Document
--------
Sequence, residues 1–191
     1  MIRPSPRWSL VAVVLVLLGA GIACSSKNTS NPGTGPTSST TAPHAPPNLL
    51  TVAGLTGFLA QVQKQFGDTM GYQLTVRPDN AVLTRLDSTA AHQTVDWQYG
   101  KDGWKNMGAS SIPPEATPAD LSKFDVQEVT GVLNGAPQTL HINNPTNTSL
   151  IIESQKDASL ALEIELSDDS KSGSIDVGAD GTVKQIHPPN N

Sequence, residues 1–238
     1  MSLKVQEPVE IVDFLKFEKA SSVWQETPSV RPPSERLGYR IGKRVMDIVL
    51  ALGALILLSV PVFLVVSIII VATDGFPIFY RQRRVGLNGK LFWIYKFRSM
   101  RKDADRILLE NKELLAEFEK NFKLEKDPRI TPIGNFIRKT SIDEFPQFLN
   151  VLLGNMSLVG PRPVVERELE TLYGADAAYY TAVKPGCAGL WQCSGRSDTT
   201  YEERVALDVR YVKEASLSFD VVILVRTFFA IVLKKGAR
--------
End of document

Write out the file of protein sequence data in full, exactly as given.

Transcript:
Sequence, residues 1–191
     1  MIRPSPRWSL VAVVLVLLGA GIACSSKNTS NPGTGPTSST TAPHAPPNLL
    51  TVAGLTGFLA QVQKQFGDTM GYQLTVRPDN AVLTRLDSTA AHQTVDWQYG
   101  KDGWKNMGAS SIPPEATPAD LSKFDVQEVT GVLNGAPQTL HINNPTNTSL
   151  IIESQKDASL ALEIELSDDS KSGSIDVGAD GTVKQIHPPN N

Sequence, residues 1–238
     1  MSLKVQEPVE IVDFLKFEKA SSVWQETPSV RPPSERLGYR IGKRVMDIVL
    51  ALGALILLSV PVFLVVSIII VATDGFPIFY RQRRVGLNGK LFWIYKFRSM
   101  RKDADRILLE NKELLAEFEK NFKLEKDPRI TPIGNFIRKT SIDEFPQFLN
   151  VLLGNMSLVG PRPVVERELE TLYGADAAYY TAVKPGCAGL WQCSGRSDTT
   201  YEERVALDVR YVKEASLSFD VVILVRTFFA IVLKKGAR